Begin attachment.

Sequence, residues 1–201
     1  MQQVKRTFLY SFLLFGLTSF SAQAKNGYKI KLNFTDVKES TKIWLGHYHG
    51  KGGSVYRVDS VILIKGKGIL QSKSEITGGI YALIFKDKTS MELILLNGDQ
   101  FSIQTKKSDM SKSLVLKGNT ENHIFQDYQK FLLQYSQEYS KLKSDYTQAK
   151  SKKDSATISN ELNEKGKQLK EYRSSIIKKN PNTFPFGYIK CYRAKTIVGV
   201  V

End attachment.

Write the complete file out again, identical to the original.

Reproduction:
Sequence, residues 1–201
     1  MQQVKRTFLY SFLLFGLTSF SAQAKNGYKI KLNFTDVKES TKIWLGHYHG
    51  KGGSVYRVDS VILIKGKGIL QSKSEITGGI YALIFKDKTS MELILLNGDQ
   101  FSIQTKKSDM SKSLVLKGNT ENHIFQDYQK FLLQYSQEYS KLKSDYTQAK
   151  SKKDSATISN ELNEKGKQLK EYRSSIIKKN PNTFPFGYIK CYRAKTIVGV
   201  V